If confirmed, Colonel Thompson would succeed Rose Eileen Gottemoeller who served from 2014–2016, and was subsequently appointed to NATO (see Rose @Gottemoeller Moves to @NATO as First Female Deputy Secretary General).

Via history.state.gov:
Congress, in the Foreign Assistance Act of 1971 (P.L. 92-226; 86 Stat. 28), authorized the President to appoint, with the advice and consent of the Senate, an officer for the purpose of coordinating the government’s security assistance programs. Under this act, the President has commissioned all incumbents as “Under Secretaries of State for Coordinating Security Assistance Programs.” Since then, the Department of State has assigned the position different functional designations. On Aug 22, 1977, the Department changed the designation from “Under Secretary for Security Assistance” to “Under Secretary for Security Assistance, Science, and Technology.” On Apr 30, 1990, the Department changed this designation to “International Security Affairs.” In addition to coordinating U.S. security assistance programs, duties associated with this position have also included at one time or another: nuclear non-proliferation; control of technology transfers and strategic goods; and coordination of international communications policy. Title changed to Under Secretary of State for Arms Control and International Security Affairs on May 12, 1994.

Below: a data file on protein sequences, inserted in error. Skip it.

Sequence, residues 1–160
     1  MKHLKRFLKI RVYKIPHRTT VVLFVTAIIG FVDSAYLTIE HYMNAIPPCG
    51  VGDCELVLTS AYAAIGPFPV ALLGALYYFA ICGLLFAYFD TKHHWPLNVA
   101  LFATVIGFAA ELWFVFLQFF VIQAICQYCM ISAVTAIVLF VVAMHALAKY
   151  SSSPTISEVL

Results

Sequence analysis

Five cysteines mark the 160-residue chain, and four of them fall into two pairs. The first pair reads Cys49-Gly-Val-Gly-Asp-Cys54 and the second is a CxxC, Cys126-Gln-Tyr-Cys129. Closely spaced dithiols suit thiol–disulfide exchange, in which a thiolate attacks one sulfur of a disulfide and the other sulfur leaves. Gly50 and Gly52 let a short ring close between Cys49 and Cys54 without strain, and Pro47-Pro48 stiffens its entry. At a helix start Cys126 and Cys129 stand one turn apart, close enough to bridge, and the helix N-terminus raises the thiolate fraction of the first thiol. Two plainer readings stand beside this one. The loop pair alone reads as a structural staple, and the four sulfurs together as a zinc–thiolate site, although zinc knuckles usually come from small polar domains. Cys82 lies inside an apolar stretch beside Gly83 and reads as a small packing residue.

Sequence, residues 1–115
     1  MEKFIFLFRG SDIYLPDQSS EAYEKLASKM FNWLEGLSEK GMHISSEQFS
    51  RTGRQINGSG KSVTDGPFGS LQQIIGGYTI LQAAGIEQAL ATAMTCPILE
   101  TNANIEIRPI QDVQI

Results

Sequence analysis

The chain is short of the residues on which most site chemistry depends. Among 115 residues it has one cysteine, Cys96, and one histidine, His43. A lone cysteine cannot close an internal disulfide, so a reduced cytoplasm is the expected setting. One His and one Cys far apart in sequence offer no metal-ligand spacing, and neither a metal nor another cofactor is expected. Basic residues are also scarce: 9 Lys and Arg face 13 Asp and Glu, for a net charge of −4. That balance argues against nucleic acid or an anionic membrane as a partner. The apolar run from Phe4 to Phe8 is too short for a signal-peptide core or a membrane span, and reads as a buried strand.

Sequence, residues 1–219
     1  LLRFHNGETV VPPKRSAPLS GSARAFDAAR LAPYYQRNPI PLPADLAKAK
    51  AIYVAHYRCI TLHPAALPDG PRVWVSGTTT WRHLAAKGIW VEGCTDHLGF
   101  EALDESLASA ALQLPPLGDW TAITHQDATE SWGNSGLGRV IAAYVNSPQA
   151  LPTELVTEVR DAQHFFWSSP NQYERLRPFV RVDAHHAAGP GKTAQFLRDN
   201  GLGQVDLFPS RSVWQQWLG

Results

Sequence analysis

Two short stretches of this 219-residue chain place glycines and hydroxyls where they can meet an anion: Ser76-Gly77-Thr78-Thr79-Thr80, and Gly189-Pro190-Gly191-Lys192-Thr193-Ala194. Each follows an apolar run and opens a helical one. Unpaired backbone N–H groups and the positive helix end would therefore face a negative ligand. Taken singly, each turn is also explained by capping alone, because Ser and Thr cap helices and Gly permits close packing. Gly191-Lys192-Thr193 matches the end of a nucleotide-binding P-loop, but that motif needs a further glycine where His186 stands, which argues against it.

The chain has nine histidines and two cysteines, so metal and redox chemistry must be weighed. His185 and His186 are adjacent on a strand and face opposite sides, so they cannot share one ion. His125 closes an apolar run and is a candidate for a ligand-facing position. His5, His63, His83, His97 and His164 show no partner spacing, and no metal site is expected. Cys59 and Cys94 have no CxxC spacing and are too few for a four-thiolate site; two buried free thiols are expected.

The previous appointees to this position are as follows:

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Tillerson Aide R.C. Hammond Officially Departs @StateDept’s Position

Originally posted December 4, 2017; 2:55 am ET
Updated: Dec 13, 2017 to reflect actual departure (Tillerson Aide R.C. Hammond to Leave @StateDept This Month)